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Healthy Workspace Guide To Great Posture

Healthy Workspace Guide To Great Posture

#1 STEP-BY STep Guide to great posture Here's an introductory step by step guide on how to get the most out of your standing desk from day one.  if you haven't got a standing desk, then simply skip to the sitting section for a guide to great posture while sitting. To...


Healthy Workspace Guide To Great Posture

Healthy Workspace Guide To Great Posture

#1 STEP-BY STep Guide to great posture Here's an introductory step by step guide on how to get the most out of your standing desk from day one.  if you haven't got a standing desk, then simply skip to the sitting section for a guide to great posture while sitting. To...


Healthy Workspace Guide To Great Posture

Healthy Workspace Guide To Great Posture

#1 STEP-BY STep Guide to great posture Here's an introductory step by step guide on how to get the most out of your standing desk from day one.  if you haven't got a standing desk, then simply skip to the sitting section for a guide to great posture while sitting. To...


Healthy Workspace Guide To Great Posture

Healthy Workspace Guide To Great Posture

#1 STEP-BY STep Guide to great posture Here's an introductory step by step guide on how to get the most out of your standing desk from day one.  if you haven't got a standing desk, then simply skip to the sitting section for a guide to great posture while sitting. To...

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Why is ergonomics so important?

15 August 2022

Why Is Ergonomics So Important?

It is almost impossible now to find a standing desk or office chair without the word ergonomic in it’s tile of description.  It has become the buzz word with almost every office product, even down to ergonomic grip on a pencil, or ergonomic level on a seemingly basic foolscap file!  So, is ergonomics a huge marketing ploy, or does it really add value to the occupants on today’s workspaces?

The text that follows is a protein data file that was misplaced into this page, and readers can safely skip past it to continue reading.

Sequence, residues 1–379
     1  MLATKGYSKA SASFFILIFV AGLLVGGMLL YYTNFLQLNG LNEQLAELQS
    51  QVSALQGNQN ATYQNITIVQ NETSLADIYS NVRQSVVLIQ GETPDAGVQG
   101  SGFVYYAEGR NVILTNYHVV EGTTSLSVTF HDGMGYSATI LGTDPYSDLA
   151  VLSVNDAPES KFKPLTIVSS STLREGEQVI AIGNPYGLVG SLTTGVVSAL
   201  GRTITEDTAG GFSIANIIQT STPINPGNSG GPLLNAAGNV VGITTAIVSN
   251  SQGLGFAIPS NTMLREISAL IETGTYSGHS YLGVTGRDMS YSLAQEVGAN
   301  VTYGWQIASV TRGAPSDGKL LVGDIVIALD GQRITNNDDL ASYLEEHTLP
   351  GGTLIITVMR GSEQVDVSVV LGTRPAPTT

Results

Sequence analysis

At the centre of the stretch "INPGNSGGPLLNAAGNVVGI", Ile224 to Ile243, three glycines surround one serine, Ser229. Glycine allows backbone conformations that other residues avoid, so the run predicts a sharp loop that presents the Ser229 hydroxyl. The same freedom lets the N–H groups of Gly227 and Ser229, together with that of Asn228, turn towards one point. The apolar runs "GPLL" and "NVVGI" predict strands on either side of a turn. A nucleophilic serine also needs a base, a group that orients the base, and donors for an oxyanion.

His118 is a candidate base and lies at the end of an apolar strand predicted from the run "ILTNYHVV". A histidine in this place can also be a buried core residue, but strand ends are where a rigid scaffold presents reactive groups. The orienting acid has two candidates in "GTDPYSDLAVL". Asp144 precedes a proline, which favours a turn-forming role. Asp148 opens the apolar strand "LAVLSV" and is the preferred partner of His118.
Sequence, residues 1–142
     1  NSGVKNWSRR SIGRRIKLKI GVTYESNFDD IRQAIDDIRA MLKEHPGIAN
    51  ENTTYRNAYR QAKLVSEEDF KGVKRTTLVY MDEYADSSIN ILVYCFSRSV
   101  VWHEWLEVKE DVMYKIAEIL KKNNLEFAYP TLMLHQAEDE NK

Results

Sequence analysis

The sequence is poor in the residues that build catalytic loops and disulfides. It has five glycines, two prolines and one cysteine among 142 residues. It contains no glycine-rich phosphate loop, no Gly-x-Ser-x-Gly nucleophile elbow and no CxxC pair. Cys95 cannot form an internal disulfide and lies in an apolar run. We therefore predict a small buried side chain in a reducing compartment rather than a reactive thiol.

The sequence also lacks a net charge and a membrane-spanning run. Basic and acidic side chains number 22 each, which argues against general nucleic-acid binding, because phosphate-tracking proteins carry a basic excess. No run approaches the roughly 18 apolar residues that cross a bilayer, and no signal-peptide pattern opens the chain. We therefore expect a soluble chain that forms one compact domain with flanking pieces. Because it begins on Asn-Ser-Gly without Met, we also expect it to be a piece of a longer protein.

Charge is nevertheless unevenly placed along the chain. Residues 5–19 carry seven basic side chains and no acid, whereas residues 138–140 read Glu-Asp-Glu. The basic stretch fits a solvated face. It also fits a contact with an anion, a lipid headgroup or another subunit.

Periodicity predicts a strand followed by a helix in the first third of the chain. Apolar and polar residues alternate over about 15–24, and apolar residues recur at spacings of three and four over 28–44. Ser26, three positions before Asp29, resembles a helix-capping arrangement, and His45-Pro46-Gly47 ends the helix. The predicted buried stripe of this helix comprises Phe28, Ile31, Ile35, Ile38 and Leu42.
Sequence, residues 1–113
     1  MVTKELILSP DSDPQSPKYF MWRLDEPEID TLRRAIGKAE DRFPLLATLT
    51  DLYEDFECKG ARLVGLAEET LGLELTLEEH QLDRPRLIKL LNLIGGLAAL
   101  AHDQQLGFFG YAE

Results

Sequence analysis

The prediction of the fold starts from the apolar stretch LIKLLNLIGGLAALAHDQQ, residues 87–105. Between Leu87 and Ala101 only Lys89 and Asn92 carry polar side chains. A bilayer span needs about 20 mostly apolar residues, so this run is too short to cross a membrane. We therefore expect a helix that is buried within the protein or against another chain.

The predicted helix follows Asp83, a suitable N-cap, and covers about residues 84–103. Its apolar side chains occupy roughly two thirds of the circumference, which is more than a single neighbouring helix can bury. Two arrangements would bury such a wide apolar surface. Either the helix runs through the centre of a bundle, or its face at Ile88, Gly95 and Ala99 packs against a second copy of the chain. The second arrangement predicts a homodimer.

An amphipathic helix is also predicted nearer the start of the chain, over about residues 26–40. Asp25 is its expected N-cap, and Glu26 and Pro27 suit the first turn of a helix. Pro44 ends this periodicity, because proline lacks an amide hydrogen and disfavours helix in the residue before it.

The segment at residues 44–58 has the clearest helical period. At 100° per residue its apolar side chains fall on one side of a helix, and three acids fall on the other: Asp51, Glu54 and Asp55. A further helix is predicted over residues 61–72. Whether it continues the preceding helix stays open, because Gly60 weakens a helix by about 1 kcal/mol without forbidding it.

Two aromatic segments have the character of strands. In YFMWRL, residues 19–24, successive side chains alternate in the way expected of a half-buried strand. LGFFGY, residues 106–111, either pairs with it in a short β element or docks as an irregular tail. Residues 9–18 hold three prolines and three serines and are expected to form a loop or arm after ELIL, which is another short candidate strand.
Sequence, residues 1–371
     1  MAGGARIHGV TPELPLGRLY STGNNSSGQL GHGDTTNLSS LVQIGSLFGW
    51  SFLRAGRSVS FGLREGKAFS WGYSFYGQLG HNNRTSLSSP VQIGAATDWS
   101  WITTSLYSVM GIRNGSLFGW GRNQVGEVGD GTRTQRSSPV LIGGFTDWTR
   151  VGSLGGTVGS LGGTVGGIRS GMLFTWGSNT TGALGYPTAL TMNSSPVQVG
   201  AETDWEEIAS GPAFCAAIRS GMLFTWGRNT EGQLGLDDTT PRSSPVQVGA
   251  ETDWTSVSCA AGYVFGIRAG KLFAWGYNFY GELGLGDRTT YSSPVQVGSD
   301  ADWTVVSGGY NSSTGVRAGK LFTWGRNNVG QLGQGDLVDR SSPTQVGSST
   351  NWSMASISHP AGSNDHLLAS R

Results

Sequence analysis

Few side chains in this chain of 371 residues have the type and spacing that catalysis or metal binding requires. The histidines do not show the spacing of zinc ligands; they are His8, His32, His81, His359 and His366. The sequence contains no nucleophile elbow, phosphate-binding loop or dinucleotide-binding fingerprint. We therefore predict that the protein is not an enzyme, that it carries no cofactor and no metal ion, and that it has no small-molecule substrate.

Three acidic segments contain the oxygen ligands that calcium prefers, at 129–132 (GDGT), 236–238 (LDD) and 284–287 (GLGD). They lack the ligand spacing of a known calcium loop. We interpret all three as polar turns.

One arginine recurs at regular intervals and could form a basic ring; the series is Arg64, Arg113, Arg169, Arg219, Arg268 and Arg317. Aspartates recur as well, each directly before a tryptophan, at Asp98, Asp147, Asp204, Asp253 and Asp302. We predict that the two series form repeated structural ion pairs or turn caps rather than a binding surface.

The truth is, once you have discovered what ergonomics really means, you’ll be able to decide for yourself what is going to genuinely help, and which products have been called ergonomic for a quick sale to the unsuspecting buyer.

Why Ergonomics is so important

Ergonomics is the study of a persons efficiency in their working environment, and hails from the Greek work ergon, which is to work.  It is also known as human engineering or human factors engineering, and most importantly, covers safety.  Safety, includes the users’ short and long-term health, and ensures that a working environment is set up to minimise stress and pressure on the body.  Without consideration for ergonomics in the workplace, it’s users will likely be detrimentally affected in a number of ways covered below.

Knowing more about ergonomics, what it involves and how each element of your mind and body can be affected by ergonomics will hugely help you to ensure that you own workspace is set up correctly, and help you minimise the potential for long-term health problems.

Learning about ergonomics in general, the furniture aspects, and the technology features, and what makes up a complete ergonomic office will help to prepare you and your space for a more productive workday. Is it worth the cost of investing in ergonomic-friendly options? You may be surprised to find the effects of ergonomics have on your efficiency and the efficiency of those around you.  We will also cover elements of ergonomic and ergonomic technology to broaden your understanding.


Effects of Ergonomics

Getting ergonomics wrong is the cause of many health issues in the workplace. A large proportion of these issues are musculoskeletal disorder such as carpel tunnel syndrome, strain of the lower back, and tendonitis.  Introducing a policy or focus on ergonomics will vastly reduce the chances of these issues arising.  So the main positive effects of ergonomics are:

  • Improved physical health and wellbeing – prevention of injury and long-term repercussions is they key reason to be aware of ergonomics.
  • Improved mental health – The positive effects of a healthy workspace are wildly underestimated by many when it comes to mental health – remember that if your body is comfortable and well supported, your mind will be in a better place too!